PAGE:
KEYNOTE: Experiences in Using Directive-based Programming for Accelerated Computing Architectures
Dr. Jack Wells, the Director of Science for the Oak Ridge Leadership Computing Facility (OLCF) at the Oak Ridge National Laboratory, Tennessee, USA will be giving the Keynote at the workshop.
Dr. Jack Wells is the Director of Science for the Oak Ridge Leadership Computing Facility (OLCF), a DOE Office of Science national user facility, and the Titan supercomputer, located at Oak Ridge National Laboratory (ORNL). Wells is responsible for the scientific outcomes of the OLCF’s user programs.
Wells has previously led both ORNL’s Computational Materials Sciences group in the Computer Science and Mathematics Division and the Nanomaterials Theory Institute in the Center for Nanophase Materials Sciences. Prior to joining ORNL as a Wigner Fellow in 1997, Wells was a postdoctoral fellow within the Institute for Theoretical Atomic and Molecular Physics at the Harvard-Smithsonian Center for Astrophysics.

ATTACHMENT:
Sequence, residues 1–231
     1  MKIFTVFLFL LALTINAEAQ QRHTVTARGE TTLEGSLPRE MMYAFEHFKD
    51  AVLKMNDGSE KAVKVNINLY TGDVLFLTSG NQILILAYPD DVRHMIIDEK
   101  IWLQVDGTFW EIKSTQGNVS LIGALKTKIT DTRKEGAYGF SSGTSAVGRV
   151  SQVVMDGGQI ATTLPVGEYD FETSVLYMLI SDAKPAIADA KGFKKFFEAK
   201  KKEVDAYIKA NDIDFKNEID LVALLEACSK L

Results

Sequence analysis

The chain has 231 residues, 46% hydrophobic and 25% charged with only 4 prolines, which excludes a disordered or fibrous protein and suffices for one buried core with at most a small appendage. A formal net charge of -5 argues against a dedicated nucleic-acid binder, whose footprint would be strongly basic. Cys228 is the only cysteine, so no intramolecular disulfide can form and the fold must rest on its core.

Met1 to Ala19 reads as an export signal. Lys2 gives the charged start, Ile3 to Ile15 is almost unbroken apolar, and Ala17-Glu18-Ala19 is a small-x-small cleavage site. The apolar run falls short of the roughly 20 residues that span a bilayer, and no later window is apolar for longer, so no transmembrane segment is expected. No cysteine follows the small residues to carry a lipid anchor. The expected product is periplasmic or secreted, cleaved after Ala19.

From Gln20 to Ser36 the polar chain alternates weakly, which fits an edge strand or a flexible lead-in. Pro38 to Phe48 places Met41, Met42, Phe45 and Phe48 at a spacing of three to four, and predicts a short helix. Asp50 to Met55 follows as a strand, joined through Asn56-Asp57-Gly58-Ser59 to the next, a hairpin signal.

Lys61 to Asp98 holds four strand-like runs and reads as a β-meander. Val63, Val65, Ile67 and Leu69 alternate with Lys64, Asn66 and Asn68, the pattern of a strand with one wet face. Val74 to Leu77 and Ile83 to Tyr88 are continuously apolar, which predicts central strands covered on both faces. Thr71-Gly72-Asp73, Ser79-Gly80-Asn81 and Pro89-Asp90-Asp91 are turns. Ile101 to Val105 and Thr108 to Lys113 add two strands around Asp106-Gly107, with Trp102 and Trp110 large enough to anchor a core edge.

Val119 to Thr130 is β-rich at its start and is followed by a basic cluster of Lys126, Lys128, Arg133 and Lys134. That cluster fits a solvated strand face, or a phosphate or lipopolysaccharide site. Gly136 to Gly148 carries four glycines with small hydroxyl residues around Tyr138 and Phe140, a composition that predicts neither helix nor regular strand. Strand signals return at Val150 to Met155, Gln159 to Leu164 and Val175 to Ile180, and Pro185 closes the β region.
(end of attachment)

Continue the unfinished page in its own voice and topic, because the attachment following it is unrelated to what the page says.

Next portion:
Wells has a Ph.D. in physics from Vanderbilt University, and has authored or co-authored over 80 scientific papers and edited 1 book, spanning nanoscience, materials science and engineering, nuclear and atomic physics computational science, applied mathematics, and text-based data analytics.
Accelerated computing architectures have grown in their application within scientific computing since their introduction approximately ten-years ago. From the earliest days, there has been a focus on the programmability of these systems. A variety of desired outcomes have driven the development of directive-based programming approaches for accelerated computing, including improvements in developer productivity and application portability, APIs that are non-proprietary or vendor non specific, and that support incremental acceleration of application codes. The first specification was OpenACC 1.0 introduced in November 2011. With major enhancements, OpenACC has evolved to version 2.5, and is providing constructive inputs to the OpenMP specification. In this talk, we discuss how the use of compiler directives have evolved over time and their implementation status on Titan and Summit. The talk will also discuss which applications on Titan are using directives and how their usage has been changing over time. To end, we will discuss the challenges that need to be solved and how new emerging frameworks are changing the way applications are using directives (e.g. as backends for Kokkos, etc) for C++.